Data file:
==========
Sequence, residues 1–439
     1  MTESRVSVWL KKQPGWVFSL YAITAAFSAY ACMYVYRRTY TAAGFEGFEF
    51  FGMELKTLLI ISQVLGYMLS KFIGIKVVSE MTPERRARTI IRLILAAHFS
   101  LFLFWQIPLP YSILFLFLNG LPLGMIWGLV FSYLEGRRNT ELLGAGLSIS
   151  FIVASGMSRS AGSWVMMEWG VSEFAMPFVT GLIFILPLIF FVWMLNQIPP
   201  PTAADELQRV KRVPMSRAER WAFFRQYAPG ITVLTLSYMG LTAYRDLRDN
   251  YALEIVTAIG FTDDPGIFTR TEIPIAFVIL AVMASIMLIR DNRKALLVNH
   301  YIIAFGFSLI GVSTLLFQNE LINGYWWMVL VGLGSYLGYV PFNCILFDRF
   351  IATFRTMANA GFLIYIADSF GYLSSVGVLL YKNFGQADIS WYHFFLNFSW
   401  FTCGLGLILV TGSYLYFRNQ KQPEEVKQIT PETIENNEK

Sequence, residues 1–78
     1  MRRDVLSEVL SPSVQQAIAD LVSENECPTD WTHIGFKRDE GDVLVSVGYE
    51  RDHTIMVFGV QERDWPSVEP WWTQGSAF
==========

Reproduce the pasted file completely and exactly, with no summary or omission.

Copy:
Sequence, residues 1–439
     1  MTESRVSVWL KKQPGWVFSL YAITAAFSAY ACMYVYRRTY TAAGFEGFEF
    51  FGMELKTLLI ISQVLGYMLS KFIGIKVVSE MTPERRARTI IRLILAAHFS
   101  LFLFWQIPLP YSILFLFLNG LPLGMIWGLV FSYLEGRRNT ELLGAGLSIS
   151  FIVASGMSRS AGSWVMMEWG VSEFAMPFVT GLIFILPLIF FVWMLNQIPP
   201  PTAADELQRV KRVPMSRAER WAFFRQYAPG ITVLTLSYMG LTAYRDLRDN
   251  YALEIVTAIG FTDDPGIFTR TEIPIAFVIL AVMASIMLIR DNRKALLVNH
   301  YIIAFGFSLI GVSTLLFQNE LINGYWWMVL VGLGSYLGYV PFNCILFDRF
   351  IATFRTMANA GFLIYIADSF GYLSSVGVLL YKNFGQADIS WYHFFLNFSW
   401  FTCGLGLILV TGSYLYFRNQ KQPEEVKQIT PETIENNEK

Sequence, residues 1–78
     1  MRRDVLSEVL SPSVQQAIAD LVSENECPTD WTHIGFKRDE GDVLVSVGYE
    51  RDHTIMVFGV QERDWPSVEP WWTQGSAF